New York Film Fest: How Director Bennett Miller Made 'Foxcatcher' Without Fully Fathoming It

Courtesy of New York Film Festival
'Foxcatcher'

On casting Philip Seymour Hoffman in 'Capote': "It's amazing how much you will forgive if the behavior is truthful"

"I definitely have moments in my life where I discovered a film, and the language of the film itself spoke to me in a way, as if someone came up to you and started speaking a language you'd never heard but understood and was able to express things the language you knew could not," said Bennett Miller, the director of Capote, Moneyball and the upcoming Foxcatcher, during a New York Film Festival conversation on Tuesday evening, as part of the HBO Directors Dialogues series. The intimate audience at Lincoln Center's Frances Beale Theater included Capote actress Catherine Keener and Sony Pictures Classics co-president Michael Barker.

The discussion kicked off with the observation that Miller's films always have more than meets the eye. "There's always something happening in pretty much every moment of every scene of everything I've ever worked on in longform that's not being expressed or acknowledged," said Miller, casually dressed in a gray polo, hooded zip-up and jeans. "Hopefully, if things are working, there's a dynamic that lets you clock both things at the same time: how we're intentionally expressing ourselves and the things that happen beneath the surface. Just personally, I find in personal relationships, public relationships like political campaigns and how we're communicated to, that what is actually said is often at profound odds with what is being communicated."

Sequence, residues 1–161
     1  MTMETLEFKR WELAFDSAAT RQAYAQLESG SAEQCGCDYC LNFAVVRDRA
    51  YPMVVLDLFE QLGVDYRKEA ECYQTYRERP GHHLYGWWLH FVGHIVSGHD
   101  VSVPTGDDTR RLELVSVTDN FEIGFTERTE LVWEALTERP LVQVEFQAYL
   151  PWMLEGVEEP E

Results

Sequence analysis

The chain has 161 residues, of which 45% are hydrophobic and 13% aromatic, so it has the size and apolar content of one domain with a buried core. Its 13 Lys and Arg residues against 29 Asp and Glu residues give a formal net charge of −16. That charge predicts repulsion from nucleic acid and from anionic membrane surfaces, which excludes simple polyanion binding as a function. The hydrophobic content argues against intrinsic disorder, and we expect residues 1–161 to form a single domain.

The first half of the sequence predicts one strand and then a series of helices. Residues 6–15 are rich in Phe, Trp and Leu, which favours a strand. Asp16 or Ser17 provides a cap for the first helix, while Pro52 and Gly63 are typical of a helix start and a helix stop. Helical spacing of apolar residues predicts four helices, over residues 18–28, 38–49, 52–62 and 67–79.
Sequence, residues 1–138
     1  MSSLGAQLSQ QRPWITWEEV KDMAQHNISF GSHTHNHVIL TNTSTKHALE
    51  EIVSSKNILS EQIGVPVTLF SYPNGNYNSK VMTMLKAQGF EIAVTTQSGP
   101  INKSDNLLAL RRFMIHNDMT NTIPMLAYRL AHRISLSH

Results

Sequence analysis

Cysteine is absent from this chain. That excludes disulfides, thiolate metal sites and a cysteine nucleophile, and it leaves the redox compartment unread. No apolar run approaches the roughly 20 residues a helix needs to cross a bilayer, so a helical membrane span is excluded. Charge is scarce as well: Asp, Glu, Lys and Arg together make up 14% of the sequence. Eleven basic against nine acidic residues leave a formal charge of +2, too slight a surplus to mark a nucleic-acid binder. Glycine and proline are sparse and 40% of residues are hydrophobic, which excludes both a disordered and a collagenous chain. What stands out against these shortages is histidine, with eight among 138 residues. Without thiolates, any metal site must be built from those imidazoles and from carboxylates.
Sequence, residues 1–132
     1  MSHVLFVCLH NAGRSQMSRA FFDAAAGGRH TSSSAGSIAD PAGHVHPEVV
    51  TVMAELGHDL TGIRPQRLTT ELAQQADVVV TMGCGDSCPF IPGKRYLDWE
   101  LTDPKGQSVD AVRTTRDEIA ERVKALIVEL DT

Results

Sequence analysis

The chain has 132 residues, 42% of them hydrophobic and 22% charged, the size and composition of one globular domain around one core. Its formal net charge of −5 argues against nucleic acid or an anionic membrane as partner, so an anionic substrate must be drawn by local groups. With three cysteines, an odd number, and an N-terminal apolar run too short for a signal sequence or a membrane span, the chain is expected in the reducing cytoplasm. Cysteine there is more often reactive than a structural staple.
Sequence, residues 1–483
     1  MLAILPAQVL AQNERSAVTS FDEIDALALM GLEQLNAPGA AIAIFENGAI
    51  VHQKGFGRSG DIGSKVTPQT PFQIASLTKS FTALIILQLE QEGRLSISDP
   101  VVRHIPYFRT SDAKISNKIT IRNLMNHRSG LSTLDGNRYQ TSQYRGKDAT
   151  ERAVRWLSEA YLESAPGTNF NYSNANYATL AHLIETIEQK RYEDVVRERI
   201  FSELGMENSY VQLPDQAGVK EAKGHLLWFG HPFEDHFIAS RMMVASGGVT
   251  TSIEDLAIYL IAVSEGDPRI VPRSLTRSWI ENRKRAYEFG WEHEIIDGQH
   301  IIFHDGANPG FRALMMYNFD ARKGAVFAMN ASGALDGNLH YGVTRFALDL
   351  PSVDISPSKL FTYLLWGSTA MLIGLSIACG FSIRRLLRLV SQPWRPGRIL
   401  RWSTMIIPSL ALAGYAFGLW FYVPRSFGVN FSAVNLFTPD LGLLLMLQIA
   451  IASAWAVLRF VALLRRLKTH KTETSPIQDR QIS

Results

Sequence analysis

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He recalled making the decision to cast the late Philip Seymour Hoffman in his 2005 feature debut, Capote. "He was really turned on by the story and the character, but he said, 'Right now, I weigh 240 pounds and I'm 5-foot-10,' " he told the audience, pausing often to close his eyes and remember. "It just seems impossibly ridiculous and reckless. I'm trying to think back to remember the difference between me now and then, because I would never make a decision like that now — like taking a shot from half court. The hoops that he had to jump through to make that work."

But the conversation on the balcony of the actor's West Village apartment eased his mind. "To be honest, how much he identified with him at that point in his career, … meaning, both these guys were appreciated as talents, but had yet to land 'the big one' — the more you get into that conversation, the more the physical obstacles become insignificant," Miller said of Hoffman. "It's amazing how much you will forgive if the behavior is truthful."

A similar adage can be applied to Steve Carell's unrecognizable turn in Foxcatcher as benefactor John du Pont, a character Miller said "needed to be [played by] somebody that defies our imagination of who this person can be." Carell jumped at the chance to transform as Hoffman did, to dip into the dark side that Miller believes every comedian has. "They go hand in hand; you don’t have to look far for many examples. In Carell's case, I don’t think he ever had an aversion to going there, but I don’t think there was ever an opportunity for him to demonstrate his latitude as an actor."

The pressure for Carell hit a high on set. "The solemnity of the story — that was really brought into stark relief by the presence of the family of the man he murdered on set, and the brother of the man he murdered, and dozens of people who were close to the story — I think only fortified his original commitment that this was not going to be a silly thing."